HealthLawProf Blog

Editor: Katharine Van Tassel
Concordia University School of Law

Friday, April 22, 2005

New Article by Philip Peters

Peters_1  Professor Philip G. Peters, Ruth L. Hulston Professor of Law at the University of Missouri-Columbia School of Law has a new and timely article entitled, "The Meaning of Human Conception."  The abstract follows:


On February 4th, 2005, an Illinois court ruled that frozen embryos are human beings, thereby exposing a fertility clinic to wrongful death liability for accidentally discarding several of them. Although the case was widely depicted as novel, it was actually only the latest in a series of legislative enactments, judicial opinions, and administrative rulings that extend a variety of legal protections to embryos from the moment of conception.

Contrary to common assumption, however, there is no "moment" of human conception. Instead, conception is a process extending over several days and several cell divisions. In this Article, I argue that the conception is not complete until the embryonic genome begins to function. Although the freshly inseminated egg possesses all of the raw materials from which the embryo's future genome will be assembled, that potential is not realized until, at the eight-cell stage, the nuclear DNA of mother and father are fused and commence functioning as an integrated unit.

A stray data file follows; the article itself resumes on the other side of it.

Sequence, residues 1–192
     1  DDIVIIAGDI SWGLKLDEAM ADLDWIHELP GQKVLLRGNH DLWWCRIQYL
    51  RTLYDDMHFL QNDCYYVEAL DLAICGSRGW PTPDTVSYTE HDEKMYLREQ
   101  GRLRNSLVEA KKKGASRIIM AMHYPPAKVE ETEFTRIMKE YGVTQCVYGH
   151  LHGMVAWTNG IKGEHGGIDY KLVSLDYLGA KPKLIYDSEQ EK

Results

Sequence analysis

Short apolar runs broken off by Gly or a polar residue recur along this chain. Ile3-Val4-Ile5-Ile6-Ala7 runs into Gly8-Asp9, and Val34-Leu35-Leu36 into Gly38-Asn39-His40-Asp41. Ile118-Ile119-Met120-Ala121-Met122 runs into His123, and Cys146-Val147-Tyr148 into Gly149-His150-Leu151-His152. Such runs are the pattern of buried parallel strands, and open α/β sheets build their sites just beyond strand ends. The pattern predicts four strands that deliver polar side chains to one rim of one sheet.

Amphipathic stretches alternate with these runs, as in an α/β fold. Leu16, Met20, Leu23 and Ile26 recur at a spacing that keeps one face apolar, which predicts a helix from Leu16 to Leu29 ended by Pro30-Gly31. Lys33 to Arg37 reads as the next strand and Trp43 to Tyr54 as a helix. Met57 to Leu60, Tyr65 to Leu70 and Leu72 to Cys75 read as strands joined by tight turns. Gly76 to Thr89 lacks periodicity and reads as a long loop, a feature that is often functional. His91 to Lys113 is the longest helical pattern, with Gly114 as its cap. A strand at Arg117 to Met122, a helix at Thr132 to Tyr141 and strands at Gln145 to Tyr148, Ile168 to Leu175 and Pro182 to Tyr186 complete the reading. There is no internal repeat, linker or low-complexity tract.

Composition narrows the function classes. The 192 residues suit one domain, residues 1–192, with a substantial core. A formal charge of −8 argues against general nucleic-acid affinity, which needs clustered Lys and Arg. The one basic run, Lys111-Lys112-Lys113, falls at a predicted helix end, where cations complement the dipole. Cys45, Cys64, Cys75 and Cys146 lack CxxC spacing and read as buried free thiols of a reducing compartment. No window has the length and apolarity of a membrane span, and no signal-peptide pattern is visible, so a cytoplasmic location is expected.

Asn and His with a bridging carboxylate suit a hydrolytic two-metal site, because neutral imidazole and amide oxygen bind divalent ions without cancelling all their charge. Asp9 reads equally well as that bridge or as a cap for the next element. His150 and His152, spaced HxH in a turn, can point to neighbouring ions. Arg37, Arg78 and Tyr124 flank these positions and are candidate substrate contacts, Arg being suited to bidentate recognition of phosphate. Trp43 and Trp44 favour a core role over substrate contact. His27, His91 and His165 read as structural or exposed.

Prior to that, a new human life is being conceived, but has not yet been conceived Much will turn on whether the courts choose this definition of conception or one that occurs much earlier, such as insemination of the ovum by a sperm. That is because many important activities take place between insemination of the egg and activation of the embryonic genome. They include the culling of poor quality in vitro embryos prior to implantation, the destruction of pre-activation embryos in scientific research, the extraction and destruction of totipotent cells for purposes of prenatal genetic diagnosis, and even the use of certain emergency contraceptives. In addition, the definition of conception will directly affect disputes over the status and disposition of the 400,000 frozen embryos lying in cold storage across the country, many of which were frozen before genome activation. The definition that I propose will place these activities outside the scope of the life-begins-at-conception laws. Although many people will find this a surprising conclusion, it is, I contend, dictated by the gradual nature of the transformation taking place inside the inseminated egg.


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